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Cicadas subject of Miami study
Students visiting Miami for summer orientation and alumni who were just here for Reunion Weekend will not be surprised to learn that seven billion cicadas have emerged across southwest Ohio.
Witnessing the outbreak of Brood X, the 17-year periodical cicada, is an experience for everyone on campus, but it's providing special opportunities for scientists and science students.
Researchers at Miami will attempt to describe certain aspects of the cicada emergence, in a first of its kind experimental study on the effects of cicadas on aquatic food webs.
Funded by a $50,000 grant from the National Science Foundation, Martin Henry Stevens (botany), Maria Gonzalez (zoology), Matthew Fields (microbiology) and Mike Vanni (zoology) will quantify the importance of cicadas to aquatic ecosystems through controlled experiments, field surveys and computer modeling.
Dead cicadas can input as much nitrogen into a stream as from total leaf fall in autumn. We dont really know how much the cicadas matter, says Vanni. We just want to see how the input of cicadas changes the dynamics of these ecosystems.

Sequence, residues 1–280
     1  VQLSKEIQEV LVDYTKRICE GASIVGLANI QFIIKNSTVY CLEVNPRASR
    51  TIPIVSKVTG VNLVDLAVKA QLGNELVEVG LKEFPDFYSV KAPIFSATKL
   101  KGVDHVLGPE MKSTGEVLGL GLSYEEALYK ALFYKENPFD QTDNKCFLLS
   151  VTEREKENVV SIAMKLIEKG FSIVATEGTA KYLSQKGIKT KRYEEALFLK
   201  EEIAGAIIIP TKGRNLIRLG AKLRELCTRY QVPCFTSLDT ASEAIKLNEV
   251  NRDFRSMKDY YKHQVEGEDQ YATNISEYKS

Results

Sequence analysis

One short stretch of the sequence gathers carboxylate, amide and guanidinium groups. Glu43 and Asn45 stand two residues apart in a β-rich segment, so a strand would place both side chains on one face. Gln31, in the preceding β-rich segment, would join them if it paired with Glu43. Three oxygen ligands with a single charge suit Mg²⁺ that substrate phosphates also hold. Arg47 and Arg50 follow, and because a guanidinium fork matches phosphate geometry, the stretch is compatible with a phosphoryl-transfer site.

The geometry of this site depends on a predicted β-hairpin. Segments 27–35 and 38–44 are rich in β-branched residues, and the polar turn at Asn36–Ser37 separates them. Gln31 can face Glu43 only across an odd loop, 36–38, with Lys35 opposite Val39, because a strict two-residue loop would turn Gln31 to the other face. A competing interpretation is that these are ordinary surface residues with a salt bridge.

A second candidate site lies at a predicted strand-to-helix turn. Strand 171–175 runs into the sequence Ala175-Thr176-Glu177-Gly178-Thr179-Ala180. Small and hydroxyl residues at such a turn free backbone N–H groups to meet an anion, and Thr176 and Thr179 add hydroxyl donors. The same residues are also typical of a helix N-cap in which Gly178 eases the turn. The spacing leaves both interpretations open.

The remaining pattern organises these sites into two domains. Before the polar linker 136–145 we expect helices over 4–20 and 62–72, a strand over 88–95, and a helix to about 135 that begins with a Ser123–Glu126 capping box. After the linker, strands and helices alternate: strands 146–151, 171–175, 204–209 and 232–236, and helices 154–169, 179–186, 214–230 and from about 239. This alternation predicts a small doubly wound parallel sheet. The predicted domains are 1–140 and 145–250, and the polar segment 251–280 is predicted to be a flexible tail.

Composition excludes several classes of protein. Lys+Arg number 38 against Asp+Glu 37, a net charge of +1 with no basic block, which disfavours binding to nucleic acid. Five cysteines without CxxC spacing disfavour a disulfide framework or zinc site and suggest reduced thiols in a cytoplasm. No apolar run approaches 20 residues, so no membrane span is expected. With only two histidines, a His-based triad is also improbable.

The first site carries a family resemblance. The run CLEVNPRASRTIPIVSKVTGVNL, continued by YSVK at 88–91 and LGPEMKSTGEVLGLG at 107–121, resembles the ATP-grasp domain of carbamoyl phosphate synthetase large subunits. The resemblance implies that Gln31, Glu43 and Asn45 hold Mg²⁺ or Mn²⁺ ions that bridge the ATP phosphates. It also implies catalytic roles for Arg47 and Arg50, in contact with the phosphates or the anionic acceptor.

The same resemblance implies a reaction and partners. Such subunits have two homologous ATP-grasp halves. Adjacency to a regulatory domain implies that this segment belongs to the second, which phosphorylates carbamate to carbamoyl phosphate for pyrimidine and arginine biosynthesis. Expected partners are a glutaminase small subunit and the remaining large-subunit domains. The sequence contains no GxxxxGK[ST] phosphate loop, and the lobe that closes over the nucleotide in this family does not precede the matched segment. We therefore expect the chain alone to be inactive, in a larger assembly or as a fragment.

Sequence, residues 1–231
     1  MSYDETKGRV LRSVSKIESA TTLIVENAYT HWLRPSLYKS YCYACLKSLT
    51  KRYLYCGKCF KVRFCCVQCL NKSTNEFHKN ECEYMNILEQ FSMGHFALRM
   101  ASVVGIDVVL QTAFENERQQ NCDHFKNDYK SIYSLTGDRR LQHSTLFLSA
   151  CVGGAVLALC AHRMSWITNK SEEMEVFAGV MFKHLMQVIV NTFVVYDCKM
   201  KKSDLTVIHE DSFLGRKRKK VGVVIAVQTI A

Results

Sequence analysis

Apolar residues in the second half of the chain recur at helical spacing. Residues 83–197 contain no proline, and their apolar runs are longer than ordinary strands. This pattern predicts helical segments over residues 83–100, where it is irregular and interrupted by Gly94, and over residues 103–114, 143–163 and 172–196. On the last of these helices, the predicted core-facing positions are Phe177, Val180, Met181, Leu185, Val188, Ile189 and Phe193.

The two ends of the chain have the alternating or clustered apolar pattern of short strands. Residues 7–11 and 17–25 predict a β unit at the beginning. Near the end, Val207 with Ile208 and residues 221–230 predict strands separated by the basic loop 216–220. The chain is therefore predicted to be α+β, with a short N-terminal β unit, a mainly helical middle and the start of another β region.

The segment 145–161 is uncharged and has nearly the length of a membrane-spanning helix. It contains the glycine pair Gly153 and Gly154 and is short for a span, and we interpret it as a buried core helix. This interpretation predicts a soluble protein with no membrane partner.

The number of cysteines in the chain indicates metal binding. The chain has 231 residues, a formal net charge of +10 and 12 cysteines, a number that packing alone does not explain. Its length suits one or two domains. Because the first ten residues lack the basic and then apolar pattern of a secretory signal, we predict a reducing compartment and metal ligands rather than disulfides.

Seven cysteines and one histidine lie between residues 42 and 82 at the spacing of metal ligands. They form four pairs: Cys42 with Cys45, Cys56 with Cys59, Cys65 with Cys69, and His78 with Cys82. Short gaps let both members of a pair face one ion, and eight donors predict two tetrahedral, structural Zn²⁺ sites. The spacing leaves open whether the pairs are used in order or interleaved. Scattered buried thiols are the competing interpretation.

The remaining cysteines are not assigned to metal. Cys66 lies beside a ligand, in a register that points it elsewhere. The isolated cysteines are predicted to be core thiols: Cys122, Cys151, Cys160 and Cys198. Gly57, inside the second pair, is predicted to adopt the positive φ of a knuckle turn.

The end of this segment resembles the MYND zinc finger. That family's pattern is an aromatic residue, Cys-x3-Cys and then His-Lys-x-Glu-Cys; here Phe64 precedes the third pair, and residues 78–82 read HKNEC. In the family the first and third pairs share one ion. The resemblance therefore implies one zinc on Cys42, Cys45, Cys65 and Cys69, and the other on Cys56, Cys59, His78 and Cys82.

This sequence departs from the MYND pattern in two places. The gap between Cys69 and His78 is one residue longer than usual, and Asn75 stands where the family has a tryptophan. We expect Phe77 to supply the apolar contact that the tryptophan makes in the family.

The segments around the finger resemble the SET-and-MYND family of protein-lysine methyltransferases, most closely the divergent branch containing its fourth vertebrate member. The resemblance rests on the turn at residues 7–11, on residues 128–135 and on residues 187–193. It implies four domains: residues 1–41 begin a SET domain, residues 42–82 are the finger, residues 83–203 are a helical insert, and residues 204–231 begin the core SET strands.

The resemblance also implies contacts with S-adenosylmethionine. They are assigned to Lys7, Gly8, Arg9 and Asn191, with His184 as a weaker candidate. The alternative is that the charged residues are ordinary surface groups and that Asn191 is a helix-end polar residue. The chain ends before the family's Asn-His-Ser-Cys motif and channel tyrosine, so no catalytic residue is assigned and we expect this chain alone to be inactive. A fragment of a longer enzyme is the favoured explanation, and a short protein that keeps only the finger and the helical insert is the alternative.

Using experimental ponds at Miamis Ecology Research Center, researchers will monitor nutrients from cicadas and corresponding growth of bacteria, algae, zooplankton and crayfish.
Field surveys of 10 local ephemeral (or temporary) ponds and two local streams will also be conducted through the end of July.
The project also provides a one-time opportunity for several undergraduate students to help conduct research on an infrequent, important ecological event.
Through Miamis Research Experience for Undergraduates (REU) program in ecology and environmental science, students working on the cicada research project this summer receive 12 credit hours with tuition waived, lodging and a $3,000 stipend.
For more information on the ecology REU program, go to www.units.muohio.edu/ecoreu.